"If Victor looks at a player, he doesn't just look at his skill level. It's whether he'll fit in socially as well. And I don't think we have any big drama queens because that's not the kind of image or the kind of people we want on the team," said Dario "TLO" Wünsch. "It's very stressful to have people that constantly complain and shit-talk other people. None of us has any interest in getting in big fights or drama or stuff like that."

TLO is one of the senior members of the Team Liquid StarCraft squad, having been with the organization since the beta. This weekend he's competing in the WCS EU round of 32, hoping to join Bunny in the round of 16. He also pointed out something odd about Team Liquid. Despite the way Goossens tries to make sure each player will be a good fit for Team Liquid, there is no "type" that Liquid players end up fitting.

"If you look at the players, it's almost like we don't have that much in common. If you look a bit closer, what you notice is everybody is his own personality. Everybody has different hobbies and interests, and even a different approach to the game," TLO said. "And that's very healthy for us because you don't have people who take sides, where suddenly you split into sections and fight."

Dario "TLO" Wünsch
Dario "TLO" Wünsch© Cameron Baird / Red Bull Content Pool

Instead, Liquid players are all comrades in a common struggle: trying to master StarCraft 2. They need to be there for each other because they will, inevitably, have bad days, weeks, months, and even years. At times they'll all lash out, want to walk away, or just completely lose their interest in the game. That's when they need to be there for one another.

"We have a very healthy kind of place where people can just vent," TLO said. "Everybody vents there. If you have a bad week or a longer bad time, you're just constantly complaining. But we all understand because SC2 is one of the most frustrating games out there. So we have moments, where we feel [bad] about the game. But then we try to understand each other. When someone is having a good time, he's also being pretty expressive and it's easier for other people to become motivated if someone is playing well. It inspires people."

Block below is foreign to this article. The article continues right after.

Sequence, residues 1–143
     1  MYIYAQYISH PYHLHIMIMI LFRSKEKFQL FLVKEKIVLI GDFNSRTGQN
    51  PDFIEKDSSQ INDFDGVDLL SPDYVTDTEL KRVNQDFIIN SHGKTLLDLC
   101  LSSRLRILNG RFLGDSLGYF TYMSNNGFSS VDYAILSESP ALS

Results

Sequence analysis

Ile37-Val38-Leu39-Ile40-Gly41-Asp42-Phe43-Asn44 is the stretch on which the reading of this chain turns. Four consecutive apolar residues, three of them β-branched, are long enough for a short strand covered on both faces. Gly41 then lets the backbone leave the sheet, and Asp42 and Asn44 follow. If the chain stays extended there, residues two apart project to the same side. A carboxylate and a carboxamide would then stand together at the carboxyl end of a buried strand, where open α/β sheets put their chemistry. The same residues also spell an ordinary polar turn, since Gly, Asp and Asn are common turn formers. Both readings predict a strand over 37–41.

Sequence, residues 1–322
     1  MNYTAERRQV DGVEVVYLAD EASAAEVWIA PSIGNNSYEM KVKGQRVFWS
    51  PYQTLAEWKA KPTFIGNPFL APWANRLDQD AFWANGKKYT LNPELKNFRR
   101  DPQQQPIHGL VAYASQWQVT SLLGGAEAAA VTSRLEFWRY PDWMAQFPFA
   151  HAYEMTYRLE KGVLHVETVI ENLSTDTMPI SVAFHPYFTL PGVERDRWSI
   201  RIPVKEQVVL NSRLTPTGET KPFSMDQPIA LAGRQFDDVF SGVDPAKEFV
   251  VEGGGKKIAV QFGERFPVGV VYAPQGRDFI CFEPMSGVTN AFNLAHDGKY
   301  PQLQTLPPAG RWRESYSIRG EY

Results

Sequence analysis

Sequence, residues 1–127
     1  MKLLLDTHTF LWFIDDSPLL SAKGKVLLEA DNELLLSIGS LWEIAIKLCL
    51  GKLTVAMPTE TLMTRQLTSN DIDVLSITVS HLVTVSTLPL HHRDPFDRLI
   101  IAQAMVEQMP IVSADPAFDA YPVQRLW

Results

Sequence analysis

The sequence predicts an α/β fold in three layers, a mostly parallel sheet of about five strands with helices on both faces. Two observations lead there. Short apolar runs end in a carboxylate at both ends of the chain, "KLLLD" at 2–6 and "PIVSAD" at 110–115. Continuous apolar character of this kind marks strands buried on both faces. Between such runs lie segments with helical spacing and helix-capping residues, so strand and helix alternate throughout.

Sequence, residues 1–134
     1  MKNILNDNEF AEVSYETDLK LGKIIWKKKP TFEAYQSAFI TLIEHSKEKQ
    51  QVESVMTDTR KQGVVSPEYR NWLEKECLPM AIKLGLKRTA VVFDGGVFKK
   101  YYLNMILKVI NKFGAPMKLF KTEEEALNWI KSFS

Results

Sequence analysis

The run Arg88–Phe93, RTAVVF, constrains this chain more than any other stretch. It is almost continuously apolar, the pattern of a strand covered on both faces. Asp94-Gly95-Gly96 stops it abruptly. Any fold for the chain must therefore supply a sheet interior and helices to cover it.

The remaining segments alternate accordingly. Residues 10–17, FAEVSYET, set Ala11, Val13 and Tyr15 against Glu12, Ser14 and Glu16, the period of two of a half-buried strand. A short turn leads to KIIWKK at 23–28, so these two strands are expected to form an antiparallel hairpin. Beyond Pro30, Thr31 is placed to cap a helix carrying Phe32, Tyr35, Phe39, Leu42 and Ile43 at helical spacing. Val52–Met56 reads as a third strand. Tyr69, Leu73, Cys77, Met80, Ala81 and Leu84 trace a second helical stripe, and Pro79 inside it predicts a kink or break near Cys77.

A New Era

Historically, Liquid's Korean players have borne the weight of the team's expectations. While the European members of the team work together and talk all the time, HerO and TaeJa tend to be focused on training by themselves in Korea and winning championships. TLO admitted that both the European and Korean sides of the team could work a bit harder to get more practice together.

But WCS has changed things for Liquid, and has given the European players more opportunities and more motivation. With players like Jang "MC" Min Chul now regularly laddering in Europe, it's become easier for them to get quality practice sessions against world-class talent.

TaeJa at Season 2 Finals© Team Liquid

For Bunny, WCS has been nothing short of life-changing.

"WCS had a very big influence on my career. Back when nobody knew who I was, I was able to qualify for Premier, even beating duckdeok [Kim Kyeong Deok] who would eventually go on to win WCS Europe. I think the fact that it was online also helped me a lot. Apart from Danish tournaments, I wasn’t used to playing in high-pressure situations, WCS helped build me up as a player who could not only win in practice, but in tournaments also."

With TLO making a semifinals appearance at IEM Sao Paulo, and Bunny having finally broken through to the round of 16, Liquid's European players sound optimistic and excited for 2014. But their hopes and expectations are more personal, as they play to surpass themselves. TLO wants to get into the top 16 on the WCS standings (he's currently 12th, and finished 26th last year).

For Bunny, he's still trying to win a reputation as one of the best Terrans outside of Korea.

"I can look into beating the all the Koreans afterwards," he said with a laugh. "I would say the round of 16 is already a good result for me… It would be great if I could have the fans convinced by autumn, but I guess we’ll see how things go. In the past I always set my expectations way too high, and then ended up getting nervous or really sad because I couldn’t reach them. So I try to stay humble, for the sake of myself and my play."